Significant improvements in motor efficiency can be obtained by adjusting motor flux to meet load requirements. Furthermore, significant energy savings can be realized because power losses are reduced as flux levels in the machine are reduced.
The supply of balanced voltages and currents to the windings of the single phase induction machine has been investigated in this study, and a drive system that regulates the flux and output torque while maintaining a constant speed in a single phase induction machine has been developed to eliminate torque pulsations at steady state and to increase motor efficiency at light loads has been developed.
Several researchers have been looking into the problem of high torque pulsations and low efficiency in existing single phase induction machines for over fifteen years. The majority of this research has focused on improving motor efficiency and reducing torque pulsations at or near the rated load operating point.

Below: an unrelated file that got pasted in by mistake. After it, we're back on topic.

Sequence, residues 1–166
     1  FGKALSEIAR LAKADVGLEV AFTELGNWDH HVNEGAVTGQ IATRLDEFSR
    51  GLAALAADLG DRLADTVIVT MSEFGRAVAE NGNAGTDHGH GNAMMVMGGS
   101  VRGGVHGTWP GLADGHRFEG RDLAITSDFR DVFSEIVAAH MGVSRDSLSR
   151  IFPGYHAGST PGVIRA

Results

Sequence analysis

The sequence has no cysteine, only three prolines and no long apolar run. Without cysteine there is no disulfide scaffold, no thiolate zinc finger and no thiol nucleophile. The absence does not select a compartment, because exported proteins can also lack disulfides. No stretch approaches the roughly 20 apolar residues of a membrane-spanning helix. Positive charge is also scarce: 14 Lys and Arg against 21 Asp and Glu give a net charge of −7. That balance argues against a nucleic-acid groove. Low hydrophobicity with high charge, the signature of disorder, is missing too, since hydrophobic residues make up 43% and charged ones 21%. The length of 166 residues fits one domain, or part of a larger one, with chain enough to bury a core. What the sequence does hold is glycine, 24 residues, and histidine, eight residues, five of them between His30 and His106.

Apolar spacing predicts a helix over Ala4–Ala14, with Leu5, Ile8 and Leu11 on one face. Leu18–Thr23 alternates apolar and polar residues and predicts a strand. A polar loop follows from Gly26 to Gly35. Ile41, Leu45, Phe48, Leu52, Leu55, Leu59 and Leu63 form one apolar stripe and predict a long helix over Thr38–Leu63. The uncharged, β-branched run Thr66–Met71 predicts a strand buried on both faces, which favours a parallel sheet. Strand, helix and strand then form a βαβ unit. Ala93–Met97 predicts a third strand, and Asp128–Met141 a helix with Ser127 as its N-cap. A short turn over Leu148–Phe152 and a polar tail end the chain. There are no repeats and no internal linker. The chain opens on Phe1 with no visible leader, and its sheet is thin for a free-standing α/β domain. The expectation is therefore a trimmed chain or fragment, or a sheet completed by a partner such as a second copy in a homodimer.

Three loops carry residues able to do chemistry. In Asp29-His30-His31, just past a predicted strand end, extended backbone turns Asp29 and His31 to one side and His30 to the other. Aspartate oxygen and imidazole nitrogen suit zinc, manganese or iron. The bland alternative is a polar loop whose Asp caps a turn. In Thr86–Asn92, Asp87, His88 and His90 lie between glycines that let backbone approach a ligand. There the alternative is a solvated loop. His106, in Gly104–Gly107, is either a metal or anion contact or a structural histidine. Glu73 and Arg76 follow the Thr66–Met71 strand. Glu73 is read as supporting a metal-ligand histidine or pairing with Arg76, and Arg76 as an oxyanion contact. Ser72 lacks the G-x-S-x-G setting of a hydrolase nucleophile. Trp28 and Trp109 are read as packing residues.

Only a few publications deal with improving the performance of these machines at light load (or non-rated) operations, and even then, these publications (Mademlis et al., 2005; Zahedi and Vaez-Zadeh, 2009; Caruso et al., 2012; Jang, 2013) have focused on speed regulation rather than optimal flux regulation in single phase induction motors. The motivation for this research stems from a desire to fill a research gap in order to improve the performance of single phase induction machines.
1.3 THE IMPORTANCE OF RESEARCH
People in Nigeria are still suffering from a severe lack of electricity to meet domestic and industrial needs. To alleviate the shortage situation, new generating plants must be installed, as well as existing power resources must be used more effectively. Unfortunately, very little attention has been paid to improving efficiency and making better use of existing resources.
This study begins with an examination of the single phase induction machine, which is a significant consumer of domestic power supply, with the goal of improving its operation. Improvements in efficiency may allow this machine to consume less power and thus lower operating costs, allowing electric utilities' limited electric power resources to meet the needs of more customers.